There were no government sponsored baby hatches at the time that Vivian and Shumin, the two main characters in our documentary, were born in China in the mid 1990s. Vivian was found abandoned as a newborn in front of a hospital while Shumin was given away at 4 months to a family in another town through a mutual friend.
But now China has embraced a new possibility for babies that parents can no longer keep: baby hatches. Equipped with an incubator, an alarm that sounds upon exiting, and a baby bed, parents can anonymously abandon a baby in these rooms knowing that they will be taken care of: welfare staff pick up the baby 10-15 minutes after the alarm sounds.
Baby hatches aren’t a new idea. This kind of arrangement was common in the middle ages and in the 19th century in Europe. Largely forgotten for the past two centuries, hatches have been reintroduced over the past fifteen years in several regions worldwide. The reasons for their use vary from country to country, but nowhere has the process been as quickly embraced by a national government as China. First introduced in 2011, there are currently 32 in use according to the Xinhua News Agency, more than in any other nation except perhaps Poland and Pakistan, where similar services are being run by private or charitable organizations.
China’s need for the baby hatches stems in large part from its One Child Policy. Although the policy has been slightly enlarged in recent years, the majority of families can still only have a maximum of one child. With the strong desire for healthy baby boys, some families feel compelled to give away a physically or mentally disabled child to save the place for a healthy boy or second choice, a healthy girl. In other cases, high medical costs for a child with an incurable disease or a costly curable ailment are the deciding factor. CNN reports the vast majority of children being received at China’s baby hatches come with a range of disabilities and medical conditions, including cerebral palsy, down syndrome, congenital heart disease, club feet and cleft lips.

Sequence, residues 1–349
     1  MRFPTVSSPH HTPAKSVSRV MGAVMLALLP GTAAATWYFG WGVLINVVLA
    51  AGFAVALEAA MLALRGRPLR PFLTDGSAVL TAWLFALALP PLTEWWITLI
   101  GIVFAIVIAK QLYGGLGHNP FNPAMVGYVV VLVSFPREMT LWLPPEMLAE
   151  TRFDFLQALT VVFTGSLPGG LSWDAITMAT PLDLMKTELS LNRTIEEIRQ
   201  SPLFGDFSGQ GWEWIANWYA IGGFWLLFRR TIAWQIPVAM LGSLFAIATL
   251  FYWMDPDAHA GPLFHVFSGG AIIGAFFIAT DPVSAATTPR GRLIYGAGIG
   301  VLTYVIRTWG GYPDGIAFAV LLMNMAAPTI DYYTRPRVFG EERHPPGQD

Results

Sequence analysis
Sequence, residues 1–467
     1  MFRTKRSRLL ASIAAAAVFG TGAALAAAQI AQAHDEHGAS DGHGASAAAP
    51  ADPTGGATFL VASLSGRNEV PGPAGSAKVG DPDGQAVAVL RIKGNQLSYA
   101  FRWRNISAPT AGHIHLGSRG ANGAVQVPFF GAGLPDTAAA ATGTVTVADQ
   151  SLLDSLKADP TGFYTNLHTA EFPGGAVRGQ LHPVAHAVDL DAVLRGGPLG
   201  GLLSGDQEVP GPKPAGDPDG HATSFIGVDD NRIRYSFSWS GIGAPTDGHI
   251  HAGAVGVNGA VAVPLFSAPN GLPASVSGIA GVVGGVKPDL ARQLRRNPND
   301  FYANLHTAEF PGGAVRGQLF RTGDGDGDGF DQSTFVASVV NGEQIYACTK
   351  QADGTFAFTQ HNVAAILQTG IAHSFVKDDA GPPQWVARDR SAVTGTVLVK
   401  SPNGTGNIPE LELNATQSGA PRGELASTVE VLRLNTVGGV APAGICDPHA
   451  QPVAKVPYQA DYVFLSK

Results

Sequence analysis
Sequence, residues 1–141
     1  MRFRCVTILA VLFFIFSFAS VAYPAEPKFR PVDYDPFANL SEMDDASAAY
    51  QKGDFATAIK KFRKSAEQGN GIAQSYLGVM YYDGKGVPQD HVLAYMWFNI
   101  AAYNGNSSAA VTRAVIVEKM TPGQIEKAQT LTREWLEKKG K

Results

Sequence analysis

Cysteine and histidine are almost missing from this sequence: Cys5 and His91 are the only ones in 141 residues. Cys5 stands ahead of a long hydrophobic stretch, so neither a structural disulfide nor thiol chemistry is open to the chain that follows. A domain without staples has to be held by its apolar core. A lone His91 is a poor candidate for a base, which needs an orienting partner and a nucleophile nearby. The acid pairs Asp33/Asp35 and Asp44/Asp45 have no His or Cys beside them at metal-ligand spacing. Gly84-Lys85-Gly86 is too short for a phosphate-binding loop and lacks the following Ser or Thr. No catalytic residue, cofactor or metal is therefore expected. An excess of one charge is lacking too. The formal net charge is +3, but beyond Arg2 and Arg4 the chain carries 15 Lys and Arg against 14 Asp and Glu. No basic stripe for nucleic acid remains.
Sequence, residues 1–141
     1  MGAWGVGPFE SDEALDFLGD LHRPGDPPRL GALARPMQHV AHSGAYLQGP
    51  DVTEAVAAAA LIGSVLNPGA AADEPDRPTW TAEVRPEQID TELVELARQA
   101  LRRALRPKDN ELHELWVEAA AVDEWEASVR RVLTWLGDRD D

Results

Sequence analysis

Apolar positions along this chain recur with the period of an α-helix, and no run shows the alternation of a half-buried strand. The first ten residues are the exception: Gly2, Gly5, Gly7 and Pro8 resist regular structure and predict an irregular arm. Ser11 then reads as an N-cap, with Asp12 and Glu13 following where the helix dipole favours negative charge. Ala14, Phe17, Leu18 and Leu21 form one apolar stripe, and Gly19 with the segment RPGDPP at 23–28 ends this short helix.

And what was at first an anonymous practise for parents is now no longer so accessible; the anonymous element of the hatches is starting to erode. Because of the overwhelming number of parents leaving disabled children- as many as 5 a day in some cities – police are now patrolling the hatches and allowing only locals to leave babies who must be under a year old. Parents who have travelled from faraway cities or with older disabled toddlers are being turned away.
The decision to leave a baby, or in some cases, an older child, is never easy. Our documentary clearly outlines the pain a parent giving away a child feels, along with the joy such a child might bring a new adoptive family. And while baby hatches may be a step in the right direction of boosting the survival rate of physically or mentally disabled children, an improved social welfare system for struggling parents would likely greatly decrease the need for these hatches.
Below are links to written and video news stories with more information and personal stories from the baby hatches:
See an NBC news story on China’s baby hatches
See a recent CNN news story on China’s baby hatches:
And another CNN story on a baby hatch overwhelmed: